79% of respondents surveyed thought that their insurance coverage would be sufficient for them and their family, should anything untoward happen. However, in April 2018, Singapore's Life Insurance Association revealed that Singaporeans have a 20% gap in protection coverage in case of death and an 80% gap in protection coverage in case of critical illness (CI).
In layman’s terms, this means that the average Singaporean’s insurance coverage for death only accounted for 80% of what their family would need in the event of their death (thus leaving a 20% gap). For CI, it’s much more worrying, with the average Singaporean’s insurance coverage only accounting for 20% of what they would actually need should a CI strike (leaving an 80% gap). These gaps translate into families having to dip into their savings or cut back on spending in other areas to make ends meet.
Your personal protection needs may differ, but as a rule of thumb, a good coverage amount in the case of death is 10x your annual income, and 4x your annual income in the case of critical illness.
If you are unsure how much you or your family would need to sustain the same lifestyle should death or critical illness strike, it may help to talk to a financial advisor to have a better view on the coverage you need. Alternatively, you can leave your contact details here for one of our friendly advisors to reach out to you.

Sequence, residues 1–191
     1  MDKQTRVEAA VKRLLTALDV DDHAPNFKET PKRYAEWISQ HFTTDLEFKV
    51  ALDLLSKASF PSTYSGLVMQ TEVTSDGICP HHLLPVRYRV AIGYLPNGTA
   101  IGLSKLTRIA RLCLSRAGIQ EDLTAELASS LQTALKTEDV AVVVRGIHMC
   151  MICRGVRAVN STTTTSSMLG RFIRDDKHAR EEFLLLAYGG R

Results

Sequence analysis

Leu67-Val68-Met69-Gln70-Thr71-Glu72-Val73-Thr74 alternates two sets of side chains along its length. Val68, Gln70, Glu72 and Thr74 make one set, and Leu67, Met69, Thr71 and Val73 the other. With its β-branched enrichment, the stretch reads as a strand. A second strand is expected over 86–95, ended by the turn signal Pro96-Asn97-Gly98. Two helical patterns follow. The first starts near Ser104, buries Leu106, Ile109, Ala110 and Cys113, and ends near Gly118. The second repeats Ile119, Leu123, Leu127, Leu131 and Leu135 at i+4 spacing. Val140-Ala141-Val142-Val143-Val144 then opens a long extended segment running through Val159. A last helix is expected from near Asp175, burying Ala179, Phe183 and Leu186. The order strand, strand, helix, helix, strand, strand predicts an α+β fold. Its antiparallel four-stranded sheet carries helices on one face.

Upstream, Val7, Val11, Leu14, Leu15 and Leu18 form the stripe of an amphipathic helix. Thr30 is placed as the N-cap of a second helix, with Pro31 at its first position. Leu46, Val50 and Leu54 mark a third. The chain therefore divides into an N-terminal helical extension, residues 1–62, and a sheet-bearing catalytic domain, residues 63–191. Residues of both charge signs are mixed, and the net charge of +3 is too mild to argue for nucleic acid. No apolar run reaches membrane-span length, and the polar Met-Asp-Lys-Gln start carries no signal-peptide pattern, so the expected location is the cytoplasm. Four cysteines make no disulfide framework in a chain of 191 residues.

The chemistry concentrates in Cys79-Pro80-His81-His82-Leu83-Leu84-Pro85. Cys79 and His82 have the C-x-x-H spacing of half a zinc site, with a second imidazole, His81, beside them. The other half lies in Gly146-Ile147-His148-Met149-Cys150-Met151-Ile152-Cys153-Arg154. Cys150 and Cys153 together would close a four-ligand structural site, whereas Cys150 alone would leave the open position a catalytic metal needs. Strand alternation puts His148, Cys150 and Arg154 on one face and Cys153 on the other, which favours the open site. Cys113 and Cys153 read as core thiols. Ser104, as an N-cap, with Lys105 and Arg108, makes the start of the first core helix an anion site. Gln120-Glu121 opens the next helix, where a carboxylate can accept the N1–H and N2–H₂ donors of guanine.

The importance of life insurance
As you work to build your relationships and make the effort to show your spouse how much you care for each other, it is equally important to focus on the less obvious but equally meaningful forms of care. Ensuring your family is taken care of and financially protected for the future is just as important as taking care of them in the present, because True Care lasts beyond the present and beyond your lifetime.
^The research, commissioned by NTUC Income, represents the views of 329 Singapore Citizens and Permanent Residents (PR). The research was conducted online amongst married adults aged 25-49 years old. The research was conducted by Nielsen between February and March 2019.
This article is meant purely for informational purposes and should not be relied upon as financial advice. The precise terms, conditions and exclusions of any Income products mentioned are specified in their respective policy contracts. For customised advice to suit your specific needs, consult an Income insurance advisor.
This advertisement has not been reviewed by the Monetary Authority of Singapore.